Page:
Menaka was the first Kathak exponent who had embarked upon choreographing group dances and dance-dramas. It was Shirin Vajifdar who had written about her contributions in a special issue of Marg on Kathak. Menaka’s old photos show her as a dancer with a slim figure and her costumes reveal her taste. Like Uday Shanker and Ram Gopal, the mythological characters wore crowns and arm ornaments. The photos of the Malavikagnimitra dance-drama of Kalidasa and Dev Vijay Nritya and the rare film clipping discovered by Milai Milan, a young scholar based in Utah, USA used in her blog Cinema Nritya offer scholars enough academic research possibilities of the awareness that Uday Shankar, Ram Gopal and Menaka were creating through their choreographic works. Whereas Uday Shankar’s style was based upon his own inspiration and later on when he studied Kathakali, he used Kathakali to great advantage, Ram Gopal studied Bharatanatyam and also Kathakali and Menaka studied Kathak. The classical dance forms by the 1930s were seen in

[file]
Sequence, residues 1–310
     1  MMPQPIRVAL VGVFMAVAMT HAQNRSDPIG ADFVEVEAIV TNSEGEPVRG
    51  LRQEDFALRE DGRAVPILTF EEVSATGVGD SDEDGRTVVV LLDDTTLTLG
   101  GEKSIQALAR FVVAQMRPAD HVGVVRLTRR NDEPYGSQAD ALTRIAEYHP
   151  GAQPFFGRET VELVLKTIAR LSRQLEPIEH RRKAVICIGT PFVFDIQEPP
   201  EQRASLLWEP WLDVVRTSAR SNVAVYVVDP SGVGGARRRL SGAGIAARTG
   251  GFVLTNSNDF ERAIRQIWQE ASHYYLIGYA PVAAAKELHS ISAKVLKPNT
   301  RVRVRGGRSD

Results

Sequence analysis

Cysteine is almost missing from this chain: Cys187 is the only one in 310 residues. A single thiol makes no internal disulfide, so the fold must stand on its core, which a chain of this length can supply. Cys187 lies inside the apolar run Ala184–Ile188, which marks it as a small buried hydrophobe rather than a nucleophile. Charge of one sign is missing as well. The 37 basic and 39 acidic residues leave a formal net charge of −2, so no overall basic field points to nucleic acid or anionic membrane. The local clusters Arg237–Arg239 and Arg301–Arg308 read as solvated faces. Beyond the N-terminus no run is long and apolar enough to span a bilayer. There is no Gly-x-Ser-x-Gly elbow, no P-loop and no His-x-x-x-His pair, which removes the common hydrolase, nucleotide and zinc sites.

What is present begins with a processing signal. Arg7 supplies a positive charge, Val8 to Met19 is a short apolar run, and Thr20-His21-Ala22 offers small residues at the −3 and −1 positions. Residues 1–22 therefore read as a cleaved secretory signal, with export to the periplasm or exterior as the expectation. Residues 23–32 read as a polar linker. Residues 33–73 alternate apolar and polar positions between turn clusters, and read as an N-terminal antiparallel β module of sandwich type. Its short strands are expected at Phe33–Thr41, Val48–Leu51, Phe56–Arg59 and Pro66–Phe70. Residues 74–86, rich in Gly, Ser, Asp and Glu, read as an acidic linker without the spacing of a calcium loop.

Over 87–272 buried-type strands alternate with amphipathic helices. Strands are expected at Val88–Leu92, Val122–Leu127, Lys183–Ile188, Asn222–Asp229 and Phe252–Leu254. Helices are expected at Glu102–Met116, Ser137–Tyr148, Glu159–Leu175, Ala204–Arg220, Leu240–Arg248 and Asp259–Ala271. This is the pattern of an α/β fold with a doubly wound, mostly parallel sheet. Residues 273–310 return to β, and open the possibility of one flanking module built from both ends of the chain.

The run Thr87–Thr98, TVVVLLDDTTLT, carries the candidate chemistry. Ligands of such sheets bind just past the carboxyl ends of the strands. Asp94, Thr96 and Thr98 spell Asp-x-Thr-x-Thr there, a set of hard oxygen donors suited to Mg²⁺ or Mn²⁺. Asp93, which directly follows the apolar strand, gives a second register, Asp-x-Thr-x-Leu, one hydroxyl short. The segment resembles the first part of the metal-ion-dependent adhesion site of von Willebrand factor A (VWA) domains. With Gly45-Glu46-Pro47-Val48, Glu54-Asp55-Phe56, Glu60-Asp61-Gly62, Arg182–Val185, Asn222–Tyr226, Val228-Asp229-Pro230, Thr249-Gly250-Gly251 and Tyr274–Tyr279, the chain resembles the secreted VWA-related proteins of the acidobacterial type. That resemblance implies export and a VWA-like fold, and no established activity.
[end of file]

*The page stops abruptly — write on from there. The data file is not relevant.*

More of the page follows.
Europe and America, with a snowballing effect, as when Uday Shankar, Ram Gopal and Menaka performed in India, people realised what cultural wealth India possessed. With Rukmini Devi, poet Vallathol and poet Rabindranath Tagore’s institutionalising Indian classical dance, dance once again was given the status of a form of cultural expression of the nation.

Shama Bhate, a Kathak exponent based in Pune, with her disciples from Nad Roop Institute, arranged for a project last year: Madame Menaka and Movement, offering dancers the opportunity to choreograph group works based on proverbs. Shama Bhate believes that Madame Menaka’s pioneering work is relevant and as a movement it can inspire the young generation to create choreographic works in present times.

The writer is an eminent dance historian

Tags: uday shankar, madame menaka